5. More seriously, Eliot is considered a “supreme interpreter of mediated experience.” He himself said, “A poet must take as his material his own language as it is actually spoken around him.” A fine example comes from The Wasteland (Part I. Burial of the Dead): “I will show you fear in a handful of dust.”

4. And who among us does not love the ending of the The Journey of the Magi:

“We returned to our places, these
     Kingdoms,
But no longer at ease here, in the old
     dispensation,
With an alien people clutching their
     gods.
I should be glad of another death.”

3.  Eliot considered The Four Quartets to be his best work, and each of the quartets to be better than the one before. Ponder these lines from Four Quartets 4: Little Gidding 

“We only live, only suspire
     Consumed by either fire or fire.
….
We shall not cease from exploration
And the end of all our exploring
Will be to arrive where we started
And know the place for the first time.”

2.  Read again Eliot’s brilliant, sexy, and oft-quoted ending from The Hollow Men:

“Between the desire
And the spasm
Between the potency
And the existence
Between the essence
And the descent
Falls the Shadow
For Thine is the Kingdom

For Thine is
Life is
For Thine is the

This is the way the world ends
This is the way the world ends
This is the way the world ends
Not with a bang but a whimper.”

1.  And finally, heed Eliot’s words from his play Murder in the Cathedral that explain why Sir Anthony Strallan should not marry Lady Edith – I mean, that explain why you should vote for Eliot to join the 2013 Lent Madness bracket of saints:

“Now is my way clear, now is the meaning plain:
Temptation shall not come in this kind again.
The last temptation is the greatest treason:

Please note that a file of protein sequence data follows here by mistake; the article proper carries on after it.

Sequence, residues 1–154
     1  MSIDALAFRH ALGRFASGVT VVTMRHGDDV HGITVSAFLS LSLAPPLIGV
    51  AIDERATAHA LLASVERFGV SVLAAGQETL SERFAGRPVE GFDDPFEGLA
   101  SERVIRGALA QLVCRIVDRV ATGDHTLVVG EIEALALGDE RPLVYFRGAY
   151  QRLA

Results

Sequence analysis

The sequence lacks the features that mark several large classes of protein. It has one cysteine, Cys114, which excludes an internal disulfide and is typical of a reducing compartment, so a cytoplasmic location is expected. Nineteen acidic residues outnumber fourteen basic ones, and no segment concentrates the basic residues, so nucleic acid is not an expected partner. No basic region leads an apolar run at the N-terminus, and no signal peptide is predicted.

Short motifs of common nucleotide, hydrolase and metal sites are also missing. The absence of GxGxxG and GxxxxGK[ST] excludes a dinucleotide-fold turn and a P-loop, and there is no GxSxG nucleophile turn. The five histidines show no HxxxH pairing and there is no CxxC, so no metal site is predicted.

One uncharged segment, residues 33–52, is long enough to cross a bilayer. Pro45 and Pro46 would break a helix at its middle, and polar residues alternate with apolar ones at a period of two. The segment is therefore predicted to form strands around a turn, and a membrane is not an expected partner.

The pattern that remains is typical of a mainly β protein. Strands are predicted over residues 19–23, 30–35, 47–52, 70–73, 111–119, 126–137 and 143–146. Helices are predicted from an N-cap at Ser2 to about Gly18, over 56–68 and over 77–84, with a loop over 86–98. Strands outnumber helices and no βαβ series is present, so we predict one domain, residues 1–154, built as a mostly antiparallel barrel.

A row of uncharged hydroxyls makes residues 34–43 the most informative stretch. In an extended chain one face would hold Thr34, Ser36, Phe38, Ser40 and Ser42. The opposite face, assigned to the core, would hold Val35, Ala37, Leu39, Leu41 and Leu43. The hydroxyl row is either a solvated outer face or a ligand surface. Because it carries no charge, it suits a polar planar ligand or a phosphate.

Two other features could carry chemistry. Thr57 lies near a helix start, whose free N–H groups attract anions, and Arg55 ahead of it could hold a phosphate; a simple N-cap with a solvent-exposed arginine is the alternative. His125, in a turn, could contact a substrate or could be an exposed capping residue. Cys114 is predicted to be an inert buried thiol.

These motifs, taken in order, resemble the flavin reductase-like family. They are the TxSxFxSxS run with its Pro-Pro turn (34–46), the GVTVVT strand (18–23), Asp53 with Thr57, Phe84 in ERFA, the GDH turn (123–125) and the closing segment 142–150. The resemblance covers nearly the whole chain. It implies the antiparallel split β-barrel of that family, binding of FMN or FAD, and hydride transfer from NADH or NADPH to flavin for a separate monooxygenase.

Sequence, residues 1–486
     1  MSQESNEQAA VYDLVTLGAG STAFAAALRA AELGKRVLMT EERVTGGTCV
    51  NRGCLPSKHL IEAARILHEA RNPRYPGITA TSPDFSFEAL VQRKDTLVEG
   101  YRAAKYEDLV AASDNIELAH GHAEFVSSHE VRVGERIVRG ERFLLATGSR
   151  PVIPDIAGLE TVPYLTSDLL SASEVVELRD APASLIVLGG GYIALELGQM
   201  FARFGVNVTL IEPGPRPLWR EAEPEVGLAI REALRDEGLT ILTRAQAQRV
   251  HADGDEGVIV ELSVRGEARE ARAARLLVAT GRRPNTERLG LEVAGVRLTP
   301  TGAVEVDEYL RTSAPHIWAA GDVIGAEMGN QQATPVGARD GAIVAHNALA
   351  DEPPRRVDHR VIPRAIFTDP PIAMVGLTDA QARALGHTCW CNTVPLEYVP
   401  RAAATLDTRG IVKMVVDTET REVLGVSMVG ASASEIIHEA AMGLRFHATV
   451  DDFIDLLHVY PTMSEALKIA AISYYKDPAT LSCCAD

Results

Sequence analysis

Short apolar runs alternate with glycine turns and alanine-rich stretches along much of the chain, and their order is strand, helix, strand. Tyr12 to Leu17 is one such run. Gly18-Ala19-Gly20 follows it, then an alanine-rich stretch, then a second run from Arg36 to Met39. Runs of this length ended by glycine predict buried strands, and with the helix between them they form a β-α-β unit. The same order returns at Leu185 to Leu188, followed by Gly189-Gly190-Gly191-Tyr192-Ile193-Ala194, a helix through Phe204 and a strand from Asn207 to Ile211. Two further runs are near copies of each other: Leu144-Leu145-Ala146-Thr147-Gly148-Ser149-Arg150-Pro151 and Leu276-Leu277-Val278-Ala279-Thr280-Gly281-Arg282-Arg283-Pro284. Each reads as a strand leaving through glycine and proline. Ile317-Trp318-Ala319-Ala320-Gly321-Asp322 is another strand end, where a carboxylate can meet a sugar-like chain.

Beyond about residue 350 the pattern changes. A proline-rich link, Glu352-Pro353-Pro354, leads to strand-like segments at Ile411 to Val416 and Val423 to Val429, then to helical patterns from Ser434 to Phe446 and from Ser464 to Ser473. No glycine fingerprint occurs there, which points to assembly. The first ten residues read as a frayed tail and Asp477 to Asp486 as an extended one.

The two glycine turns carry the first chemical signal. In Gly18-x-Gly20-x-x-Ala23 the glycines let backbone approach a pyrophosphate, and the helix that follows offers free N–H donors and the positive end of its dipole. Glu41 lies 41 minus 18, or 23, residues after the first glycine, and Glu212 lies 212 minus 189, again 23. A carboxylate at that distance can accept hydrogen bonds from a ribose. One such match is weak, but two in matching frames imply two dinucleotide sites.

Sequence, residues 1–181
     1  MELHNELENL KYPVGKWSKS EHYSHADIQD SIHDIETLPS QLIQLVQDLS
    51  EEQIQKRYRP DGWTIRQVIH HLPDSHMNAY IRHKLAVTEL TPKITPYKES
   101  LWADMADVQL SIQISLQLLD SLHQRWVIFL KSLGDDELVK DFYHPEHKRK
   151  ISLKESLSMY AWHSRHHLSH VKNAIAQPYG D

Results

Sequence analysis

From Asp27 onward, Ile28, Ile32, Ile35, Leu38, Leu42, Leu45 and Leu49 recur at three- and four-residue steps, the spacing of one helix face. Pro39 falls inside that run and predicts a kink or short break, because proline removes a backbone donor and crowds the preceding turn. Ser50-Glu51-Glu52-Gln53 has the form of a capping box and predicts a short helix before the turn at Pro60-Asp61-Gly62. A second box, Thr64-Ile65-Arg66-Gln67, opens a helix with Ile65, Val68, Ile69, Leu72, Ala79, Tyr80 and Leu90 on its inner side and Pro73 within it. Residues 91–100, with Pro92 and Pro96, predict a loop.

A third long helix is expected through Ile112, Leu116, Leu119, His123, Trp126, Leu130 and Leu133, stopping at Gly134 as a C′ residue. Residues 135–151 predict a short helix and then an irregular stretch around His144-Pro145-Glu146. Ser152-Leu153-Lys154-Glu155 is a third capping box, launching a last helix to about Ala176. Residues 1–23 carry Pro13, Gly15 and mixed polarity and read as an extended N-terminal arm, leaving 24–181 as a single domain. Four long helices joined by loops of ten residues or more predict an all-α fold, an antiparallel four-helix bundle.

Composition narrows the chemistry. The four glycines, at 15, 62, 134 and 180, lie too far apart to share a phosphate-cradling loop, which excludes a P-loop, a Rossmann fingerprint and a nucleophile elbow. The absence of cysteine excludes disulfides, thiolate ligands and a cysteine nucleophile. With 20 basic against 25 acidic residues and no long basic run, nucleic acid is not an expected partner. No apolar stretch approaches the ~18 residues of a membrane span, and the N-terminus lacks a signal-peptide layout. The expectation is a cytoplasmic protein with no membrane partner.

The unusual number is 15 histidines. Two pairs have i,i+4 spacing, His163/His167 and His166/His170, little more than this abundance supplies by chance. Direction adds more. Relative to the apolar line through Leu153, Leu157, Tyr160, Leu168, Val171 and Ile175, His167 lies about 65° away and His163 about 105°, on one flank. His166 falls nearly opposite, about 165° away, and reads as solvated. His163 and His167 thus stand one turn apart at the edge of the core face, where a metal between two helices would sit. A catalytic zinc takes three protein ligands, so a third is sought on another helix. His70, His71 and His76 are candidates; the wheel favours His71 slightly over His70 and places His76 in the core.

To do the right deed for the wrong reason.”

Vote!

John Donne vs. T.S. Eliot

  • John Donne (55%, 497 Votes)
  • T.S. Eliot (45%, 405 Votes)

Total Voters: 901

Loading ... Loading ...

 

90 Comments to "Play-In: John Donne vs. T.S. Eliot"

  1. February 2, 2013 - 8:24 am | Permalink

    This is tough because I love and feel connection to them both. However, I fear Laurie more than I fear Penny (actually I don’t fear Penny at all because I don’t know her). Eliot will get over it. Donne – well the first Anglican service I ever attended was at St. Paul’s. I liked it. I led me to the Epis church. So … Donne it is.

    • Laurie's Gravatar Laurie
      February 2, 2013 - 8:39 am | Permalink

      Fear me?!!? Really? Well, if it got Donne a vote…

      • February 2, 2013 - 8:56 am | Permalink

        Fear you? No not really. But I liked the connection to:
        ” I have a sin of fear, that when I have spun
        My last thread, I shall perish on the shore;
        But swear by Thyself, that at my death Thy Son
        Shall shine as he shines now, and heretofore:
        And, having done that, Thou hast done:
        I fear no more.” JD (not Jack Daniels)

        • Laurie's Gravatar Laurie
          February 2, 2013 - 9:03 am | Permalink

          Nice. While I prepared for this, I remember thinking how much more I would have appreciated Donne (and a slew of other Anglican poets and writers) had my college professors talked about Anglicanism!

    • February 2, 2013 - 9:36 am | Permalink

      I’m watching you, Sheldon. :-)

      • February 2, 2013 - 10:25 am | Permalink

        Oh great. Now I’ve Donne it.

    • Virginia Manning's Gravatar Virginia Manning
      February 2, 2013 - 2:17 pm | Permalink

      I can’t make a choice! I love them both…..struggled through writing a major paper on “The Wasteland” in college, had to read Donne aloud to a class in grad school…can NOT chose!

  2. Melanie Barbarito's Gravatar Melanie Barbarito
    February 2, 2013 - 8:32 am | Permalink

    This was absolutely not fair. John Donne is one of my favorites, but I’m pretty partial to Eliot as well. I can see why they’re tied.

  3. Carol's Gravatar Carol
    February 2, 2013 - 8:32 am | Permalink

    Woo hoo! A dead heat – my vote brought them up to exactly 18 votes each, so I’m really interested to see how this one turns out.

  4. Amelia+'s Gravatar Amelia+
    February 2, 2013 - 8:36 am | Permalink

    This was a very difficult choice. I read both. I like both. After a coin toss, Donne won, so all done. (pun intended)

  5. Marguerite's Gravatar Marguerite
    February 2, 2013 - 8:38 am | Permalink

    Magnificent write-ups! Well done CB’s. I’m for Eliot as I believe he faced a sterner (yes that’s a pun) test of his faith, being all modern and everything.

  6. Nancy Baillie Strong's Gravatar Nancy Baillie Strong
    February 2, 2013 - 8:39 am | Permalink